She says most organizations are not using patient satisfaction surveys to their best advantage. "Most organizations are pleased if they have really high scores. If they have really high scores, either they're not asking the right questions or they're not asking enough in-depth questions. I always encourage organizations to keep asking questions until they discover a problem because it helps them reduce their risk," she says.
If a surgery center is Medicare-certified, CMS will require the organization to track adverse patient events and examine their causes. Ms. Hiatt suggests ASCs perform this task using a surgeon outcomes reporting tool each month by asking its surgeons to fill out a form which identifies patients who experienced complications and what the complications were. Completing this form satisfies Medicare's risk management requirement, she says.
5. Reduce number, type and severity of adverse events. While no program will prevent every adverse event, the number of events can be reduced if the organization is fully engaged, recognizes the protection afforded to it through risk management, and actively encourages its employees participate in risk management.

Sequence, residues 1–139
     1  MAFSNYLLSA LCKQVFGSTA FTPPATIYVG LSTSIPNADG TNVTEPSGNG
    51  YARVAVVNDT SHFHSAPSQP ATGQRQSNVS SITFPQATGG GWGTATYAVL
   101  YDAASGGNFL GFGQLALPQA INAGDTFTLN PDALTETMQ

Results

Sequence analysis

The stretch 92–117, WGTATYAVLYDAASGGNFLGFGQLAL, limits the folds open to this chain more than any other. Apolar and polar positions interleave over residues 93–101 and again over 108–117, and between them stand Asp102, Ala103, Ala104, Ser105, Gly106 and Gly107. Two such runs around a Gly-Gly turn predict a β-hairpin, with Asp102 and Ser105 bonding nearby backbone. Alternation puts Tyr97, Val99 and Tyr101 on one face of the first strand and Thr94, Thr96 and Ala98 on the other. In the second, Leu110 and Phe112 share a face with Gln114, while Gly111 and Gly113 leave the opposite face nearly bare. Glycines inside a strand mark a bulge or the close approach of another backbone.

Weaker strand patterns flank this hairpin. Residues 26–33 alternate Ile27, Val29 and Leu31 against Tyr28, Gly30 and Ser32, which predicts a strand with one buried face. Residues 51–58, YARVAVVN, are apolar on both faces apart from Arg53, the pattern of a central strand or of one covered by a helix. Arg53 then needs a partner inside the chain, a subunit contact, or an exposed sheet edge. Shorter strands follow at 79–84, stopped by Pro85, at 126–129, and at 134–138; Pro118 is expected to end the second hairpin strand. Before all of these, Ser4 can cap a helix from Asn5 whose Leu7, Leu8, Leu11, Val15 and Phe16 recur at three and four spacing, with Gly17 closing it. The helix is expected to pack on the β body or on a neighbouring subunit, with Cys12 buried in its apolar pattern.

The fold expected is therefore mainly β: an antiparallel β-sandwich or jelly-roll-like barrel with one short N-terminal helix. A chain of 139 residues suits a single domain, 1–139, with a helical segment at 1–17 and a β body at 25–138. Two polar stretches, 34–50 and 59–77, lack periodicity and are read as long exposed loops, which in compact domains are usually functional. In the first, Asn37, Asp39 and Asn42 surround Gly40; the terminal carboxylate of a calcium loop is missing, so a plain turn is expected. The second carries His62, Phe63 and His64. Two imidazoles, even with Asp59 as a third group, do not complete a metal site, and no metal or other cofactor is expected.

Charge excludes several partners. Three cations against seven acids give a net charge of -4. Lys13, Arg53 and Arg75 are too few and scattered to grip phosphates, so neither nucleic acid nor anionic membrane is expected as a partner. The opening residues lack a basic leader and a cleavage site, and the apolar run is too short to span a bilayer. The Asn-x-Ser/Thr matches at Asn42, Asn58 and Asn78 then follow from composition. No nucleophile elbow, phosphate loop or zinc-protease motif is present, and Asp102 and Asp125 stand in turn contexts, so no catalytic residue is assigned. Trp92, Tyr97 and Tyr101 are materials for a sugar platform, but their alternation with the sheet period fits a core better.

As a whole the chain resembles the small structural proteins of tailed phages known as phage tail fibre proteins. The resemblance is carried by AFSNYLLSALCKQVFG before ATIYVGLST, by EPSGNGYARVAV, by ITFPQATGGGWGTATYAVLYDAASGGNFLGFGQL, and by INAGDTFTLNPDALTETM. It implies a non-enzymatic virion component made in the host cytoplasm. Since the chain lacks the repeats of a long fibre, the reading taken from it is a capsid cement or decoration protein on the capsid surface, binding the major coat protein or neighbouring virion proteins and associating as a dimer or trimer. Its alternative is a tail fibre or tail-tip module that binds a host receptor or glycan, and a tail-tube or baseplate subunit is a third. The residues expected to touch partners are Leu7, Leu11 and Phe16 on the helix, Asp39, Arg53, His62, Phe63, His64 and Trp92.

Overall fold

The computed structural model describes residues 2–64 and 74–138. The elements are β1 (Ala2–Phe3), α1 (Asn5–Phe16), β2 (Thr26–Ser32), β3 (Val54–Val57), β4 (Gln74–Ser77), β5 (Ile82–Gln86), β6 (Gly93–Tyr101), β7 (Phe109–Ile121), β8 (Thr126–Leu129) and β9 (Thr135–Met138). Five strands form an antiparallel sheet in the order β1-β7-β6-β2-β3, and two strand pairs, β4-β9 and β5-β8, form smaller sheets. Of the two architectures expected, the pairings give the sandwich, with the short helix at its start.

"Risk management should not be something that is done to the organization but rather something that's done by the organization," Ms. Hiatt says. "The attitude and approach to risk management by leadership makes all the difference in how effective the program is and to what degree employees provide input."
Any organization that knows its strengths and exposes and corrects its weaknesses will be better prepared to handle the challenges of providing quality care. "Not to mention the demonstrable value by improving the organization's outcomes as we move toward a payment system that rewards organizations which produce the highest quality patient outcomes," she says.